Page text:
Thus, following this principle in the present example, the pressure in the small volume section 24 is monitored by the manometer 22 to remain between about 300 to 400 torr during the absorption process. Under these conditions, gaseous CO2 flows to the vial 12 where it is absorbed into the liquid absorbent contents. The relatively small volume (about 60 ml) of the small volume section 24 allows the pressure to be maintained at between 300 and 400 torr throughout almost the entire process under which CO2 is transferred to the vial. When all the CO2 has sublimated, shaking of the vial continues until the pressure drops to about 40 torr, which has been found to be the typically encountered residual pressure under these conditions. It may be noted that, as the CO2 pressure drops near the end of the absorption process, it diffuses less readily through a “blanket” of ammonia gas exuded by and overlying the liquid absorbent, as well as traces of air entrained by the CO2 into the vial. However, it will be appreciated by one of ordinary skill in the art that, because the pressure of the residual gas (about 40 torr) is contained in a volume of only about 60 ml, the residual gas constitutes about 0.4% of the maximum total of the original available gaseous CO2 sample that was initially introduced into the 1 liter measuring vessel 20—a negligible amount. It will be appreciated that, if the volume of the small volume section 24 is known, and the post absorption temperature and pressure of the CO2 above the absorbent is known, the amount of CO2 from the original sample not absorbed may be approximately calculated, and a correction made to account for the non-absorption. Under these circumstances, it may be said that the CO2 has been substantially entirely absorbed. This residual pressure of 40 torr has been found to be reproducible to about 10 torr from sample to sample. It will be appreciated by one of ordinary skill that such reproducibility permits the inference that the volume of gaseous CO2 actually absorbed using this method from sample to sample to be to within a range of difference of 0.2%, which implies a reproducibility of 99.8%.
It is important to note that the described method is not designed to saturate the alkaline absorbent in the vial 12 with CO2, for, if the absorbent becomes saturated, an unknown and perhaps significant portion of the known mass of CO2 would be left in the gaseous state above the absorbent. This could render the results of the procedure significantly unreliable, because the scintillation count would be based on an incorrectly computed mass of absorbed CO2. Accordingly, to avoid this result, the mass of CO2 and the amount of liquid absorbent should preferably be estimated beforehand to produce about 85% saturation of the absorbent, leaving a safety margin of about 15%. This may be called the standard amount, which would apply also to reference standards. Absorption of an amounts of CO2 considerably less than this, as low as 40% saturation, can be readily absorbed without dilution. It will be appreciated that the amount of CO2 absorbed does not significantly affect the final outcome of the procedure. Small differences in the scintillation counting characteristics can be compensated for by quench correction, a standard procedure in this technique. However, it may be noted that as the amount of absorbed CO2 is reduced, the noise (background count) to signal ratio of the scintillation measurements increases, and may reduce the resulting precision. However, it will also be appreciated that, by terminating the absorption process well before saturation, the final exponentially lengthy stages of absorption, requiring the addition of a carrier gas, are avoided, thus significantly speeding up the entire process.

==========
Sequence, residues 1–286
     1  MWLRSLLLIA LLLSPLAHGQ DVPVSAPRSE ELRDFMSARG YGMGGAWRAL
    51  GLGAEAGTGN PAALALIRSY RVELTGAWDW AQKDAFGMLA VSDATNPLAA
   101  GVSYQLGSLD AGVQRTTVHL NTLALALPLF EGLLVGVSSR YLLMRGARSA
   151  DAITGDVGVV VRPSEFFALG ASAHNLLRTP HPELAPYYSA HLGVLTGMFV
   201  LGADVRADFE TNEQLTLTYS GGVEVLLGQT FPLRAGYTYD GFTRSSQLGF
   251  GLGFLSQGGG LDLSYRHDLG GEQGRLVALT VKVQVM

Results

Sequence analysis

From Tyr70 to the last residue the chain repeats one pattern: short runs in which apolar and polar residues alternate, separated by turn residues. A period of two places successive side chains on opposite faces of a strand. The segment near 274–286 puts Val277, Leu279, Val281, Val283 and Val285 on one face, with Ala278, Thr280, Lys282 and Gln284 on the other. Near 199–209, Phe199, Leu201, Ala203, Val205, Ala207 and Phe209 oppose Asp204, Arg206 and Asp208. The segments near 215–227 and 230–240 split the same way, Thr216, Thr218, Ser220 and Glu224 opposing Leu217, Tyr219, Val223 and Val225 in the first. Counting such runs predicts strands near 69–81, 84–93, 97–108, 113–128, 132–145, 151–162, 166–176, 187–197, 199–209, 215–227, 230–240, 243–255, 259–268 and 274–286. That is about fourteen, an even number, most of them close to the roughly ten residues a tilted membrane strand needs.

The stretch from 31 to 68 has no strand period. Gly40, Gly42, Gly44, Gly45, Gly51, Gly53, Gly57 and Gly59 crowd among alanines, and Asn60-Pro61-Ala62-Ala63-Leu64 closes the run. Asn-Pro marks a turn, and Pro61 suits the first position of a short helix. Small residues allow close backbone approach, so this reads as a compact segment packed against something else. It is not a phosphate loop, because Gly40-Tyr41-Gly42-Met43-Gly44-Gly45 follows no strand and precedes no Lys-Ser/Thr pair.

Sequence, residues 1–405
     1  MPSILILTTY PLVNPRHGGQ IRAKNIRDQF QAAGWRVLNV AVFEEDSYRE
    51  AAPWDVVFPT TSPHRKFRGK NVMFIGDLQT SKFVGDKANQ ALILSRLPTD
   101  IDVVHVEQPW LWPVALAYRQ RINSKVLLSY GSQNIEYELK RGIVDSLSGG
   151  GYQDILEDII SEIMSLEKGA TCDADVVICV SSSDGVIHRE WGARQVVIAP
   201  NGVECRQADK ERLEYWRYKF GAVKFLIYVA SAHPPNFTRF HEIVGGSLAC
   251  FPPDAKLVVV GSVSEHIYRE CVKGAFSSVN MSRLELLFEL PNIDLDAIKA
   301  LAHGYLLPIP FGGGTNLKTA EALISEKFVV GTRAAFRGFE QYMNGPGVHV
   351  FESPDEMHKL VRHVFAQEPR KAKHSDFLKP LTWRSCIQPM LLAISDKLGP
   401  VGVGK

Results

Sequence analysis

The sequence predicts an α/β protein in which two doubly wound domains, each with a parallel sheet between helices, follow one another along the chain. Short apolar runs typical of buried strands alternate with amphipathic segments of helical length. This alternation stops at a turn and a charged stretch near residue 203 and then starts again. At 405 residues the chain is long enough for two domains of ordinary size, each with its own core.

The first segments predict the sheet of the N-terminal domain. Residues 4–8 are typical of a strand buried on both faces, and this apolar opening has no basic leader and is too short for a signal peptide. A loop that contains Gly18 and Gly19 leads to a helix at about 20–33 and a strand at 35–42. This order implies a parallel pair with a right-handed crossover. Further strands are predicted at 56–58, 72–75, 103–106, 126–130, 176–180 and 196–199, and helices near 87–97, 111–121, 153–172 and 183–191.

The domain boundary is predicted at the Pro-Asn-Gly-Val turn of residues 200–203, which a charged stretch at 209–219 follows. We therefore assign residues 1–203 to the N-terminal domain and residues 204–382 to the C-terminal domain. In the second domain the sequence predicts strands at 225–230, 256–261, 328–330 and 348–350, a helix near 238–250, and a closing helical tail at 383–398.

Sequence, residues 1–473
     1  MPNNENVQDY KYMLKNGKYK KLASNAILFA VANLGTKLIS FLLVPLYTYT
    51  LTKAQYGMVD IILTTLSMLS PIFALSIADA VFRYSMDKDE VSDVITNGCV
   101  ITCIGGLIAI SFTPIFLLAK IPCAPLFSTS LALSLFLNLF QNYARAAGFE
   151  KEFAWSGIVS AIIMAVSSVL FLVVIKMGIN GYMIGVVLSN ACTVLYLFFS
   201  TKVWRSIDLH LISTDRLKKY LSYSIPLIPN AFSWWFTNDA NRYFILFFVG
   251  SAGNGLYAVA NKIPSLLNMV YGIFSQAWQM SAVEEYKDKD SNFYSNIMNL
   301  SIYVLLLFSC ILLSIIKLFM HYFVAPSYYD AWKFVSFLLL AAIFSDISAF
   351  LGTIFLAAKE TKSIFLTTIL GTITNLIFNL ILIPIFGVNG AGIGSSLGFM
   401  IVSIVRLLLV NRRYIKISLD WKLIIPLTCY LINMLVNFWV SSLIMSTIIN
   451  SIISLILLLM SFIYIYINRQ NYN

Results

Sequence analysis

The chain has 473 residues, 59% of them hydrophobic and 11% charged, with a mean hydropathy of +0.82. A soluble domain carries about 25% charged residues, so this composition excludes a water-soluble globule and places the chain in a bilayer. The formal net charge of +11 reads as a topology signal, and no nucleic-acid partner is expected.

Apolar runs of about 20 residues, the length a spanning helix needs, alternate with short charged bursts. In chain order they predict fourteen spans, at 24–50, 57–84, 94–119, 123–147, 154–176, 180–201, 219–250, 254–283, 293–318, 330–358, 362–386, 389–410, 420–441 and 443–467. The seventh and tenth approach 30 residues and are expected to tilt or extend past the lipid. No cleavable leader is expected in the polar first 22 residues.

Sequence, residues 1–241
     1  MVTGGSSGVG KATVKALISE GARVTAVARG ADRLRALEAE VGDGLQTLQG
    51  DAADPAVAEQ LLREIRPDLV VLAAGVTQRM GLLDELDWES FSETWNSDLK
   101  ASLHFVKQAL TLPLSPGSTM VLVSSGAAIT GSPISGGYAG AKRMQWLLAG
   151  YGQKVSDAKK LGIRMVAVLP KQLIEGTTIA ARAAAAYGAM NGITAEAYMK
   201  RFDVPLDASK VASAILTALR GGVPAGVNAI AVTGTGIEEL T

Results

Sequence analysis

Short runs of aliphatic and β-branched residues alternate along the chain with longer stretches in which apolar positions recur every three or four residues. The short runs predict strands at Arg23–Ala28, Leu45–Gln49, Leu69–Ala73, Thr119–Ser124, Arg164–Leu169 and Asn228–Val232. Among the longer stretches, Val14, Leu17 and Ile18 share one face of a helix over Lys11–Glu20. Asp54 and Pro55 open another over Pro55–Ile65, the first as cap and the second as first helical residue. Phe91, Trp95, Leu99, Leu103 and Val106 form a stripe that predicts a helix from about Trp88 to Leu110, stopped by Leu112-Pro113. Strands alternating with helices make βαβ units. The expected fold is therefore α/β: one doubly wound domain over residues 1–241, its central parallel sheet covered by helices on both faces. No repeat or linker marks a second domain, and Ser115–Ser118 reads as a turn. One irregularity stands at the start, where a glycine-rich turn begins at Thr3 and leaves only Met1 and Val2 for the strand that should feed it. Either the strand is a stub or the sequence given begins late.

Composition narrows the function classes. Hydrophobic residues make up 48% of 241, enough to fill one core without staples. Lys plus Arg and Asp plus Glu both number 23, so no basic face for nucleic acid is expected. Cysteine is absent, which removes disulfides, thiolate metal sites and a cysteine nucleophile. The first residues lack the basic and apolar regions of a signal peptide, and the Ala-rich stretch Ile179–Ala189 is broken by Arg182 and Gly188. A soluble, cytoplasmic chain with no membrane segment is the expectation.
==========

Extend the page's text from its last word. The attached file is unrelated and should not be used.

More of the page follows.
An additional aspect of carrying out the method is that, when the CO2 sample measures less than the 610 torr standard pressure (pmax) in measuring vessel 20, the pressure (pmeas) is recorded in order to normalize the sample amount to the standard. The normalization is simply by the factor pmax/pmeas.
Once the CO2 has been entirely transferred from its frozen state in the trap 16 to an absorbed state in the vial 12, the vial is isolated from the balance of the apparatus by closing valve 42. The vial 12 is then removed from the line, an amount of scintillation cocktail, preferably about 10 ml Permafluor®E+, is pipetted into the vial which is then shaken, capped and the required information written on the cap. The vial is now ready for placement in a scintillation spectrometer to be analyzed for the level of carbon-14. As discussed above, this value can then be translated into the age of the specimen from which the CO2 sample was generated.
The line is immediately ready to handle the next sample after pumping to high vacuum.
In an alternative embodiment, exemplified in
In yet a further alternative embodiment, exemplified in
While a particular form of the invention has been illustrated and described, it will also be apparent to those skilled in the art that various modifications can be made without departing from the spirit and scope of the invention. Accordingly, it is not intended that the invention be limited except by the appended claims.